Donald Trump and Kristi Noem | People walk along Main Street during the 80th Annual Sturgis Motorcycle Rally in Sturgis, South Dakota on August 8, 2020. (Photo illustration by Salon/Getty Images)

Is South Dakota's Kristi Noem, a Trump superfan, the nation's worst COVID governor?

This governor of a remote, rural state is a rising GOP star — but she may have mismanaged the crisis worst of all



Sophia Tesfaye
September 12, 2020 10:00AM (UTC)

South Dakota Gov. Kristi Noem, a Republican who is the first woman to lead that rural and sparsely populated state, is taking her turn in the national hot seat as the Mount Rushmore State has become the nation's latest coronavirus "hot spot."  In distinctly Trump-like fashion, the Trump-friendly Noem has turned to right-wing outlets like Fox News to lash out at critical media coverage and rail against an "elite class of so-called experts." But as was the case with Florida's Ron DeSantis, Georgia's Brian Kemp and Arizona's Doug Ducey, conservative media has rushed to circle the wagons around Noem just as the fuller picture of her failed handling of the coronavirus crisis becomes clearer. 

South Dakota is now considered in the "red zone" for COVID-19 cases after ranking as the second-worst-hit state in the nation for new cases and test positivity per capita over the last two weeks, according to the latest document prepared for governors by the White House Coronavirus Task Force. But Noem is one of 14 Republican governors who have ignored the task force guidelines to curb the spread of COVID-19, even as the White House says that increasing case counts in South Dakota and "remarkably high" test positivity are "deeply concerning" given insufficient testing levels in the state.

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While the World Health Organization's benchmark for business re-openings is a 5% rate of positive tests, South Dakota has seen a positivity rate above 10% since Aug. 16. Both daily active cases and hospitalizations have more than doubled in South Dakota since the start of August, and no other state has seen such a rapid expansion rate. Over the past week, there have been an average of 236 confirmed cases per day, an increase of 48% from the average only two weeks earlier. That's out of a total state population of roughly 885,000, which ranks 46th in the nation.

Despite such troubling trends, Noem is among the few state governors who never imposed a shelter-in-place order. Her administration has refused to impose any restrictions on businesses or public activities, contrary to calls from South Dakota's largest medical association. And Noem has resisted issuing a face-mask mandate — even though guidelines from the Centers for Disease Control and Prevention have said for months that everyone should wear a facial covering while in public to help curb the spread of the coronavirus. She's even encouraged parents to send their kids back to school "without masks." As of the end of August, more than 550 people had been infected at the state's universities, with another 200 cases recently reported in K-12 schools.

Noem initially attempted to conceal the latest statistics out of her state. When the Argus Leader, the daily newspaper in Sioux Falls, requested a copy of the weekly reports sent to the state health department from the White House task force, Noem's office refused. When Trump repeatedly touted the drug hydroxychloroquine as a potential COVID remedy, Noem was was among the first to launch a trial of the unproven drug, which was later quietly dropped.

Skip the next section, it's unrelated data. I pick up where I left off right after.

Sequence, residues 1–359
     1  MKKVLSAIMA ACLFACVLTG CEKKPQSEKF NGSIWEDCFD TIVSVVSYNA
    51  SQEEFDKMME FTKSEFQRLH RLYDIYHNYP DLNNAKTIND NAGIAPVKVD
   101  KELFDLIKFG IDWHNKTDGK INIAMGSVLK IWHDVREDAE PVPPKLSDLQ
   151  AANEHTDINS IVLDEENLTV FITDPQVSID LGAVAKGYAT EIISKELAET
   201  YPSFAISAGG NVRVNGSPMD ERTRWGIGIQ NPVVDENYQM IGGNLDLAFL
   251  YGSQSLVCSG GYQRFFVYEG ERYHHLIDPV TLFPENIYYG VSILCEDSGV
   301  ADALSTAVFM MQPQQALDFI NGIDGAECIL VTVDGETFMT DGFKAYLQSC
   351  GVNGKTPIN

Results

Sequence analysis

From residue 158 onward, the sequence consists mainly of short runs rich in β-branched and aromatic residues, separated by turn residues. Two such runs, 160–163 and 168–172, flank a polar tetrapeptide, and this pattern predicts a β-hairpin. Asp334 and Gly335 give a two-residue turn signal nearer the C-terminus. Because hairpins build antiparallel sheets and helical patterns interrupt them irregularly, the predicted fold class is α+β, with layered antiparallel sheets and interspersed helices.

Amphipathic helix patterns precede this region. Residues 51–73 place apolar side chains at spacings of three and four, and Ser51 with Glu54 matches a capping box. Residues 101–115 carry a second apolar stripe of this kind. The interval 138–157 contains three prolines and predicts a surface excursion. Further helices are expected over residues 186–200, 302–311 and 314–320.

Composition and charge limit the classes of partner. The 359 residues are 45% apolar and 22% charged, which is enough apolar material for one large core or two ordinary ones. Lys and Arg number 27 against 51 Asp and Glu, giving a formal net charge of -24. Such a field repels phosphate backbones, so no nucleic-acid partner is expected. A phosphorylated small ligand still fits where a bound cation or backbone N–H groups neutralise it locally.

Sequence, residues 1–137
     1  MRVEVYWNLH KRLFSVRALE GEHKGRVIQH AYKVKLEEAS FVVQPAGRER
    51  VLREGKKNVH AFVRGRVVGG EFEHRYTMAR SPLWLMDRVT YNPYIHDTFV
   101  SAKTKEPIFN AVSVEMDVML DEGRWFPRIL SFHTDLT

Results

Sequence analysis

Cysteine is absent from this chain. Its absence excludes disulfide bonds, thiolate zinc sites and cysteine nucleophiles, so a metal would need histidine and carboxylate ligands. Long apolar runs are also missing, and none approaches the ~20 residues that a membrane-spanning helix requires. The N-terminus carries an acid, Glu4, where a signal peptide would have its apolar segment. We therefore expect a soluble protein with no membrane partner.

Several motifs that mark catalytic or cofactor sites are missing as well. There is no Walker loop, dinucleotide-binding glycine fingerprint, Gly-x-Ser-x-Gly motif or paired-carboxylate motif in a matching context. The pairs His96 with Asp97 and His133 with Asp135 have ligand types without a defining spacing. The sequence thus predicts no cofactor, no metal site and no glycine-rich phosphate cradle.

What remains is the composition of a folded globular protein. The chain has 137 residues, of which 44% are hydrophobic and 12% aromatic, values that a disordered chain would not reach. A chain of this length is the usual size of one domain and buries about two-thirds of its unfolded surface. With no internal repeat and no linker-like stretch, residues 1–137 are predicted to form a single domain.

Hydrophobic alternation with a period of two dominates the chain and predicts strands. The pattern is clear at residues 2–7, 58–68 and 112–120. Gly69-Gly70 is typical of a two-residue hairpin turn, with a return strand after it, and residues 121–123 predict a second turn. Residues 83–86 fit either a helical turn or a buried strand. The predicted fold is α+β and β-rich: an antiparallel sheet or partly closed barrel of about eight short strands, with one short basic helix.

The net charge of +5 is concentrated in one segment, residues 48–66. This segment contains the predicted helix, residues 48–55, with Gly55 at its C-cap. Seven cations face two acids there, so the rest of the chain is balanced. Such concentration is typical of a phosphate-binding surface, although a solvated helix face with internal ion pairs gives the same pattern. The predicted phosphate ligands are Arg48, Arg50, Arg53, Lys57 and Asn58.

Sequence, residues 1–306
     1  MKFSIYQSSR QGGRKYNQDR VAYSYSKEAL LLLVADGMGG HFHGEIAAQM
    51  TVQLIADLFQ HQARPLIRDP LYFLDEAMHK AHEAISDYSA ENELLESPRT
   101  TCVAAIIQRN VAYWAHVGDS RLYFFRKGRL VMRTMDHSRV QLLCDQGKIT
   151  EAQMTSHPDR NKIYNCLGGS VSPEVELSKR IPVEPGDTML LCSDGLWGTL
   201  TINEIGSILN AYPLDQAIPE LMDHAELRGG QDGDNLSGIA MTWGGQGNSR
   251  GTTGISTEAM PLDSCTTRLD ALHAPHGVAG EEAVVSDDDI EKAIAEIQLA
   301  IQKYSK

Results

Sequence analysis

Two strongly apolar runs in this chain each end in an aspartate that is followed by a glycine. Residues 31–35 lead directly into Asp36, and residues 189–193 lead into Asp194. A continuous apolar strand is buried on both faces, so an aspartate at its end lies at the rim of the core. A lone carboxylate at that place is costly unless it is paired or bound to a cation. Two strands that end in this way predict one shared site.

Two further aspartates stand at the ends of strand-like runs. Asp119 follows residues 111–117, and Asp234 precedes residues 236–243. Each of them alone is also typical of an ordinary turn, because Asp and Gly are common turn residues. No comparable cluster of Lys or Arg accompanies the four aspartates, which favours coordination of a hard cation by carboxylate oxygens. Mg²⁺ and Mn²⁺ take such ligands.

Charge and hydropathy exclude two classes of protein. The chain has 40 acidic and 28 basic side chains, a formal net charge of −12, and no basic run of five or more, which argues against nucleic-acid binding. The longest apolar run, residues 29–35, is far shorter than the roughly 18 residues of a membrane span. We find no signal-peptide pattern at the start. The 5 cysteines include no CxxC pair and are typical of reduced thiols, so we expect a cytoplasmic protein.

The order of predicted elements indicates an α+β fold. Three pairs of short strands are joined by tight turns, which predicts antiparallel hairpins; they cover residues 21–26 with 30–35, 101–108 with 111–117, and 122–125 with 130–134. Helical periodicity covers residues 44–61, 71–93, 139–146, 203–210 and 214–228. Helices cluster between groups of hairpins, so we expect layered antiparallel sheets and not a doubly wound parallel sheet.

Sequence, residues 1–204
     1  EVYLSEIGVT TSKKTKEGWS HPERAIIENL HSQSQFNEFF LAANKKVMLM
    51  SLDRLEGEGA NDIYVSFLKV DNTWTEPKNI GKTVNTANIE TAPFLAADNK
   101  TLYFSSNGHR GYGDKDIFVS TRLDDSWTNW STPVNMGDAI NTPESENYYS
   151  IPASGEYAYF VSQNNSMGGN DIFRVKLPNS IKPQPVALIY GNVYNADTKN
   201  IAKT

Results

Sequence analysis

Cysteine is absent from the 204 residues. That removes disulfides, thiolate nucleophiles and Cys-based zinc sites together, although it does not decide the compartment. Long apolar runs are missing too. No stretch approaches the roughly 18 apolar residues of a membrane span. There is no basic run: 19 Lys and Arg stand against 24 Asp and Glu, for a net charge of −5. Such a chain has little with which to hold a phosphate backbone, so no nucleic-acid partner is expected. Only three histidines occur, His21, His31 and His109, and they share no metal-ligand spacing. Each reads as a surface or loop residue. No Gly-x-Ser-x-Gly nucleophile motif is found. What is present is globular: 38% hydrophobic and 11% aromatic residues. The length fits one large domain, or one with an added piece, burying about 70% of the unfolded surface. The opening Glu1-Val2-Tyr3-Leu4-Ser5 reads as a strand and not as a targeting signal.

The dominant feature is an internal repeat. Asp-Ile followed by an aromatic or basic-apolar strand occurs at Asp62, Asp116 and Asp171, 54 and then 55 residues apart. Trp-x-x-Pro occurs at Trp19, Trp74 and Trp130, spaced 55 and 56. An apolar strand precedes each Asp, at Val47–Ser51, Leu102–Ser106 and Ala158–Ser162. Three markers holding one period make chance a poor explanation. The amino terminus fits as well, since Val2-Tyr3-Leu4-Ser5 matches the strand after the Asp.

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Noem's public rhetoric also has a distinctively Trumpian flavor. She recently asserted that "about 95% of the population ... is not at risk for serious infection" and announced that "South Dakota is open for business" after four workers at a Smithfield Foods meatpacking plant in the state died and another 48 were hospitalized. She made a big show out of not requiring social distancing or masks at Trump's pre-Fourth of July event at Mount Rushmore, appearing on Fox News with host Laura Ingraham to brag about the lack of safety precautions. The state reversed its longstanding fireworks ban and spent $1.5 million on the event. Noem reportedly even gifted Trump with "a four-foot replica of Mount Rushmore that included a fifth presidential likeness: his." In return, the president flew her back to Washington aboard Air Force One. 

Noem has been tying herself ever more closely to the president since narrowly winning election in 2018 — after a last-minute campaign push by Trump and Vice President Mike Pence helped her edge out her Democratic challenger in the closest South Dakota governor's race in decades. Noem won a congressional seat in the Tea Party Republican wave of 2010, and served as her state's sole House member for eight years, but only won 51% of the vote against Democrat Billie Sutton in what is generally a die-hard red state.

More recently, Noem — who counts onetime Trump campaign manager Corey Lewandowski as a top adviser — has embarked on a multi-state campaign tour as an official surrogate for Trump's re-election campaign. During the pandemic, she has traveled to Republican events in states like Ohio and Iowa, in the latter state finding a kindred spirit in Republican Gov. Kim Reynolds, who has also resisted a statewide mask mandate in the face of official recommendations amid a surge in cases. The 48-year-old Noem clearly aims to become a national right-wing star, and has spent $130,000 in taxpayer funds to build a studio in the basement of the State Capitol for her frequent Fox News appearances — including one this past week to defend her decision to promote the Sturgis Motorcycle Rally, one of the largest public events held since the start of this pandemic.